New Publication: Why Some Development Works

The new book “Why Some Development Works. Understanding Success” by Meera Tiwari looks at macro and some less known micro success stories and considers what enabled them to bring change in some of the world’s most deprived communities.

The new book “Why Some Development Works. Understanding Success” by Meera Tiwari looks at macro and some less known micro success stories and considers what enabled them to bring change in some of the world’s most deprived communities.

The Mustard Field, India. Photo: Abhijit Kar Gupta, Flickr

We are happy to announce a new publication in the CROP book series International Studies in Poverty Research entitled “Why Some Development Works. Understanding Success” by Meera Tiwari.

Meera Tiwari looks at both macro and, the less known, micro success stories in her new book “Why Some Development Works. Understanding Success”. Here, she considers what enabled these projects to bring change in some of the world’s most deprived communities. Using case studies from countries across Latin America, Africa, and Asia, Tiwari’s innovative approach offers a multi-layered understanding of poverty which provides insights into causal, enabling and impeding factors.

Join the digital launch of the book on the 30th of September. 

In the current literature on development there has been little attempt to develop a micro-level understanding of development at the grassroots. Tiwari’s work fills this important gap while drawing attention to the importance of engaging local actors at an individual, collective, and state level. This demonstrates how achieving a “convergence” of goals among all actors is a crucial component to a development project’s success.

Looking beyond the case studies to consider how this unique “convergence framework” might be usefully applied to other contexts, the book has profound implications for how we view fragile states and conflict zones, and the ability of the international agencies to take effective action. A unique study based on extensive empirical research, Why Some Development Works will make essential reading for students and researchers studying international development across the social sciences, as well as humanitarian and development practitioners and policymakers.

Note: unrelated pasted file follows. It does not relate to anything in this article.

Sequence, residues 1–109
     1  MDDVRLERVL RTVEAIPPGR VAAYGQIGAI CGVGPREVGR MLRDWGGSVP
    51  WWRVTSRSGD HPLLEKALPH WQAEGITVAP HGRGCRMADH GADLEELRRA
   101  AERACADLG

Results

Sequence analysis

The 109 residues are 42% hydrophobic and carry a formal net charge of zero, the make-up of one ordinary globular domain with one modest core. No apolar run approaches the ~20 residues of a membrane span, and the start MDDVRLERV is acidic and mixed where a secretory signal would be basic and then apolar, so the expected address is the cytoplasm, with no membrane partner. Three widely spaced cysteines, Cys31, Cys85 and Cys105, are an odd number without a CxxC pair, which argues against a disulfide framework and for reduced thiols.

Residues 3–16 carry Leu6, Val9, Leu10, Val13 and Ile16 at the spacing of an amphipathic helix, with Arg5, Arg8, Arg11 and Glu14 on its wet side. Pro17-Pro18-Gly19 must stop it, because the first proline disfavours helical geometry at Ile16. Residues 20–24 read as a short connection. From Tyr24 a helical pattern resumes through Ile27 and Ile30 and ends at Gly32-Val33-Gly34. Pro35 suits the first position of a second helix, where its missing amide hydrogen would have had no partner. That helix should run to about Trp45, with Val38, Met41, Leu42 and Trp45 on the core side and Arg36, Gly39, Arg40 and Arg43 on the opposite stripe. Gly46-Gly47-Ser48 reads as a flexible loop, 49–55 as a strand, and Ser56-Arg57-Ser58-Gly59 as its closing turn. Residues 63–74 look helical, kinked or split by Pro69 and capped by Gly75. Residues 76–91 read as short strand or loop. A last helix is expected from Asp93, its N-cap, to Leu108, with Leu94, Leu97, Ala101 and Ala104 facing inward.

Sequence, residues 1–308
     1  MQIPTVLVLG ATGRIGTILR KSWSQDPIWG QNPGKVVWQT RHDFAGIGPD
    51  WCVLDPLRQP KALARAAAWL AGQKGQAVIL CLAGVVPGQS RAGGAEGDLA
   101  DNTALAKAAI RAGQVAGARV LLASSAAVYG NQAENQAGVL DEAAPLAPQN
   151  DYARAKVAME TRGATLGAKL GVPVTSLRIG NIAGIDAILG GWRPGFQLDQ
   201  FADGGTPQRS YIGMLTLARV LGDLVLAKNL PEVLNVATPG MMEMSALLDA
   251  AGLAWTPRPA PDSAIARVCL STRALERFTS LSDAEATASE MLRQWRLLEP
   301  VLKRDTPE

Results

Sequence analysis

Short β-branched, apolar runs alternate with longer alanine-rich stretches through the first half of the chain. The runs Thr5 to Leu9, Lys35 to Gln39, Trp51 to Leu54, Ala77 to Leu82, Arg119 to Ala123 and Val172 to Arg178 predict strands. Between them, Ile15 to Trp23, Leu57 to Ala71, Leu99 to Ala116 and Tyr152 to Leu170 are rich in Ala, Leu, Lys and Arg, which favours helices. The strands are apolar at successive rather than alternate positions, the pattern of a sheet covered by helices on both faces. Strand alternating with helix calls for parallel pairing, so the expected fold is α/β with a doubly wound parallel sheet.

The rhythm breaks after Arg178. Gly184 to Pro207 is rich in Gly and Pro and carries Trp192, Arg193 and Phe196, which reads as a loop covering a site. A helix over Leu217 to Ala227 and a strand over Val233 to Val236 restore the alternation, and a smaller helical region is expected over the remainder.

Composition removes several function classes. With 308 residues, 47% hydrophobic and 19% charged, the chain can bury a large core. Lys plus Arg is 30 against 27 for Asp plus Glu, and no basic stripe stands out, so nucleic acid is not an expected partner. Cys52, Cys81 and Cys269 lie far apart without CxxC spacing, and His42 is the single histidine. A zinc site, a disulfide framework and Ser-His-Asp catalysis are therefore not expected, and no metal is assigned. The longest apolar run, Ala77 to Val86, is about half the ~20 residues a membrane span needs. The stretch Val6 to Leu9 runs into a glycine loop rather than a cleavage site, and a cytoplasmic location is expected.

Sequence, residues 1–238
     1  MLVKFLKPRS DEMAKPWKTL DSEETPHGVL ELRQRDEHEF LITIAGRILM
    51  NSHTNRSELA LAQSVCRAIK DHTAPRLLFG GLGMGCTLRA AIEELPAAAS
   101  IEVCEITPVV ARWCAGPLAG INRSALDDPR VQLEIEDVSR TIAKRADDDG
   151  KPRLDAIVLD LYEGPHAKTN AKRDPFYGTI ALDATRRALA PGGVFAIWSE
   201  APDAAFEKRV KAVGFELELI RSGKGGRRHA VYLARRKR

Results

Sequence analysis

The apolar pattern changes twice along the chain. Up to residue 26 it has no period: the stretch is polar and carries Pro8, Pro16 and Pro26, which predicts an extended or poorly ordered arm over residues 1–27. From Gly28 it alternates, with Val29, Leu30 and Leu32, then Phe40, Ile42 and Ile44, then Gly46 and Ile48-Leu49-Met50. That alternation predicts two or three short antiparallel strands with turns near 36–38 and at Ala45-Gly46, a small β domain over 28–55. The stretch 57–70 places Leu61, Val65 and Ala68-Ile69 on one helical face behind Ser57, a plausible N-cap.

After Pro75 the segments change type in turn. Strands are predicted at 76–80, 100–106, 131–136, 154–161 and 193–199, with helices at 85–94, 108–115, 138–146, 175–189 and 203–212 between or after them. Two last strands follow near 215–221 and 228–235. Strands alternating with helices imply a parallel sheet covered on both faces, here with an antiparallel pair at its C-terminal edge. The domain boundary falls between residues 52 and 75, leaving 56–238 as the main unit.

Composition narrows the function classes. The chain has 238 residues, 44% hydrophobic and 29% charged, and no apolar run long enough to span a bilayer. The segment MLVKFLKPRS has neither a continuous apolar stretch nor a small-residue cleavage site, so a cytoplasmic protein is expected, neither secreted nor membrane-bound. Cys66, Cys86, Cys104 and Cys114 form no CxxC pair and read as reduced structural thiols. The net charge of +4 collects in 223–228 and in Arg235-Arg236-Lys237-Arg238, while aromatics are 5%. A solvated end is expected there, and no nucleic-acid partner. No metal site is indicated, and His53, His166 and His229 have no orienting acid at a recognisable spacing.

To order a hard copy of this book, please visit Bloomsbury Publishing.

About the author

Meera Tiwari is an associate professor of international development studies at the University of East London, where she leads the MSC in NGO and Development Management. She has also played an active role in a number of development projects around the world, including work with the NGO Childreach International in India. Her previous books include After 2015: International Development Policy at a Crossroads (co-authored with Andrew Sumner, 2009) and The Capability Approach: From Theory to Practice (co-edited with Solava Ibrahim, 2014).

Endorsements

“This book, by an authority on multidimensional poverty, represents a significant contribution to understanding what really works. In an era when many development programmes fail to make an impact, the convergence hypothesis explored by Meera Tiwari is much needed. Drawing on comprehensive research and expertise, this book takes as its premise that the energy, participation and aspirations of micro actors can play a critical role in the success of international development.”

Diana Skelton, Policy and Practice Co-Editor at the Journal of Poverty and Social Justice, and National Coordination Team of ATD Fourth World.

“In contrast to prevailing narratives of environmental doom and social division, Meera Tiwari explores the politics of development success in recent decades. She shows that a combination of individual and collective agency and the ability to bring together state and non-state actors in pursuit of common goal underlies both macro and micro breakthroughs, and even shows promising signs in fragile and conflict-affected states. A valuable contribution to understanding how change happens.”

Dr Duncan Green, Professor in Practice in international Development at the London School of Economics, UK.